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Photo taken at Plitvice National Park, Croatia by Vibhor Dhote Oh! What are these days I have found myself in! The bagpacks I carry n...

Sunday, January 8, 2012

And it rained...


As expected, it was raining heavily in the cold October evening. I ran towards a bus while the wind flew my umbrella away. It was dark and I got totally drenched in the rain- not a comfortable situation for a 14-year old returning from her tuition classes, who was now searching for a seat in a city bus crowded with drunken men. Luckily enough, I found a seat with only one passenger sitting on it. I went up to him and asked “Shall I sit here?”
He was a man in his mid-fifty’s wearing a grey shirt and what looked like a carelessly worn bleached white dhoti. The man politely nodded and uttered a ‘yes’ but to my surprise he did not give me way to sit near the window nor had he left enough space that I could sit near him letting him sit by the window; he was sitting right in the middle of the seat made for two. Miffed by this indecent behavior of his, I told him harshly to move to either of the two sides of the seat. He moved to occupy the aisle-seat entirely while telling me to take the window-seat. With a big school bag, containing my school copies, tuition copies and a couple of books, on my shoulder I moved obliquely to the window-seat while he made no gesture to allow me less hindrance by his knees. For a moment I felt like my bag punched his scraggy face but his rude conduct forbade me to apologize to him.
It was awkward to be in wet clothes and I tried hard to avoid the devil of a person standing in the aisle and looking at me with prurient eyes. I looked outside the window to see the streets wet with the downpour. A little later, the man sitting near me asked me what the time was. I lifted my arm and showed him my wrist watch so that he could see the time for himself but the ill-mannered person did not bother to look at my watch. I heaved a sigh as I told him it was fifteen minutes to seven. He thanked me and asked me where I was heading to. If he were not an old man I would have figuratively killed him for trying to talk to me after all his indecent behaviors and that too in a dark evening like this. I just verbalized a single word to his query: “home”. But when the conductor came by my seat to take my fare I had to tell him where I will get down and the old man heard it. The latter then asked me “your home is there?” I uttered a scornful “hmn”.

I felt like it was the worst day of my life, moreover, it was a day for firsts. It was the first time that dusk fell so soon; it was the first time that my umbrella betrayed me and flew off in the wind; it was the first time that I dowsed in the rain so critically; it was the first time that a person standing in the aisle was stealing glances at me so obscenely; it was the first time that I sat with an irritating and indecent, although old, person. He then asked me if I knew someone called Madhav Sharma or Madan Verma who lived near my home. I refused to know the person without even trying to listen to the name mentioned. He said, “Then you must be living somewhere far from the bus stop”. Although my house stood just at the foot of the bus stop I concurred with his prejudice with a “yes”. He then asked me, “What did you say your name is?” With this question of his, my pique reached its peak and I spat out “I did not”. After that, thankfully, he remained quiet for the rest of the journey muttering hokum words like “old man…no sympathy….today’s generation….mad people” to himself occasionally. I wanted to tell him that it was he who was mad and not me, as it was he who showed his impropriety every now and then by either asking questions or being rigid while I was making my way to sit on the seat I now occupy.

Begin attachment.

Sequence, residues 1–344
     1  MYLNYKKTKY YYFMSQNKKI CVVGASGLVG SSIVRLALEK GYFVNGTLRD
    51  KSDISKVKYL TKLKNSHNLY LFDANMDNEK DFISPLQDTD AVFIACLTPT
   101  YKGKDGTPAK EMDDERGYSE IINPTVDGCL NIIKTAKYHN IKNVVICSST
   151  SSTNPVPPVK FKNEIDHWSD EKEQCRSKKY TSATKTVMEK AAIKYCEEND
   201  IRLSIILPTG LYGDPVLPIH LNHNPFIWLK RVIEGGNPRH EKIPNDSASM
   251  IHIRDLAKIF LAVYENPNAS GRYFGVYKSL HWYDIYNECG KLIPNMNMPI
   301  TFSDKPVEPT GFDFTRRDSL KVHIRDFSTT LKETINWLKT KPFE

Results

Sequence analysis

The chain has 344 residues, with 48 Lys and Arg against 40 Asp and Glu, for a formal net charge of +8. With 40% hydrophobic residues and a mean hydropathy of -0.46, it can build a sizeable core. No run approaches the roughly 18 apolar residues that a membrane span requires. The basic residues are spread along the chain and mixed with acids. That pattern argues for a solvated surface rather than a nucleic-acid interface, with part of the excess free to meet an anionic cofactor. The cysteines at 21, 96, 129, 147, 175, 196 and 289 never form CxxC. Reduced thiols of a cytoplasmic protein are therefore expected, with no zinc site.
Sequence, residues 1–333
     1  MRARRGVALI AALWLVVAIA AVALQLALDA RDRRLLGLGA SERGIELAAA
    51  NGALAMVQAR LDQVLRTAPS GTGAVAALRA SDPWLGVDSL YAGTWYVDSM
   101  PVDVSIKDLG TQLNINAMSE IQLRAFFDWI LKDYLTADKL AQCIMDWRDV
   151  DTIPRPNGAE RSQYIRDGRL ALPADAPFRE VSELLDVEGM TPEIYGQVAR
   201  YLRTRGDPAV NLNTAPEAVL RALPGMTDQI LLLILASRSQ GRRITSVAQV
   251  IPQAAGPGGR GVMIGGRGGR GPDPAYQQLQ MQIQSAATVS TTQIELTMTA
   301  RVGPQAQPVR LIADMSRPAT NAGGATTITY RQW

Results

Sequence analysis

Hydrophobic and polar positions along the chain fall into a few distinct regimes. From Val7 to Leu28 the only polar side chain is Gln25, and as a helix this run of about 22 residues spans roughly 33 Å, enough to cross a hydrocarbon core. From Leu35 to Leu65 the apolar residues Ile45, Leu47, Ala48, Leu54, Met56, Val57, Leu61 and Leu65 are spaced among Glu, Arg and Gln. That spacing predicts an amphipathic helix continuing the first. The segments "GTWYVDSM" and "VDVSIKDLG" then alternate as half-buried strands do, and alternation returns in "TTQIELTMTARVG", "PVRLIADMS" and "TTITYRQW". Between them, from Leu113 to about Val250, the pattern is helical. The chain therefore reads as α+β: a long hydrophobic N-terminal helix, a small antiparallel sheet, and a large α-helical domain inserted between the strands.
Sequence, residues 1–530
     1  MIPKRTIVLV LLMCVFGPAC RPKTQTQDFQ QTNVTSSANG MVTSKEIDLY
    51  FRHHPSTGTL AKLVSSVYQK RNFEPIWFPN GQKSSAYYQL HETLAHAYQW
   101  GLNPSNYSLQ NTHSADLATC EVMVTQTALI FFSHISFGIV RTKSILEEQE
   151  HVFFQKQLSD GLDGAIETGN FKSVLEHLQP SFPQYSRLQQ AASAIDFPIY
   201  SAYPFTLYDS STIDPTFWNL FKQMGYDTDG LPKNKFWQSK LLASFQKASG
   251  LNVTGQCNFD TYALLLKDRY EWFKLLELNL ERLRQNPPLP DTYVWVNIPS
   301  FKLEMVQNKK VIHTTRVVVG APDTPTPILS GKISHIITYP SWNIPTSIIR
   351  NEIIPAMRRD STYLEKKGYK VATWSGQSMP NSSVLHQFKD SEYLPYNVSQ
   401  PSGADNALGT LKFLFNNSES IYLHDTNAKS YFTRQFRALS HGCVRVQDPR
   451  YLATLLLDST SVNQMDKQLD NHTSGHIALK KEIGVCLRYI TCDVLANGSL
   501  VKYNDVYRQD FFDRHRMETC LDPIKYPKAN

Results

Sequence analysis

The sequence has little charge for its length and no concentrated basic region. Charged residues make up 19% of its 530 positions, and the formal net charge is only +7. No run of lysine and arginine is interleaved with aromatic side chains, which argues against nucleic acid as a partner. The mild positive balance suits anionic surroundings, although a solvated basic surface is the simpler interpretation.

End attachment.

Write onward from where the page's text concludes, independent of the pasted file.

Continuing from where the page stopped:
The bus, by then, had reached my stop. I looked through the window to find that, luckily, it had stopped raining. While I stood up to go, the old man asked me where we were, as if he could not see. He stood up too when I responded to his question. So, there was he, moving slowly, taking each step of what seemed like 1cm or less, to the front door of the bus while I was in haste. He could have let me move ahead of him but as expected he behaved as if I was not there. 
Finally we got off the bus after what seemed like an hour to me. I was taken aback when he again talked to me. He asked me to take him to an address which he had on a piece of paper. I could see the initials M.V. there but I let out a big “no” and ran away, both due to disgust and terror. I was disgusted by his behavior and terrified that he might take me to some wrong place. Mother always tells me not to talk to strangers, I should not have sat beside him today, and I should have left the seat at the very moment when he was not allowing me to sit properly. My face reddened with fear and anger as I reached the verandah of my house. 

While bent down to take off my shoes I stole a glance towards the street. I was appalled when I saw that that old man had a stick in his hand while his other hand was extended as if searching for an invisible support in the air.    He really could not see;   he was visually impaired,     blind.     
   I ran towards him to help him but before I could reach him, an upright man came and held his hands. My eyes followed the duo as they went inside the house of late Uncle Mohan Verma. Uncle died last night due to an accident and mother had told me that it was God’s way of punishing him since he had thrown his blind father out of his grandiose house to live in the streets. 
I looked up at the sky to ask God if he would punish me. 
The sky looked blurry. 
And it rained; this time, my eyes. 
And two teardrops from my eyes fell on my cheeks as I hung my head in shame while walking towards the ajar door of our house.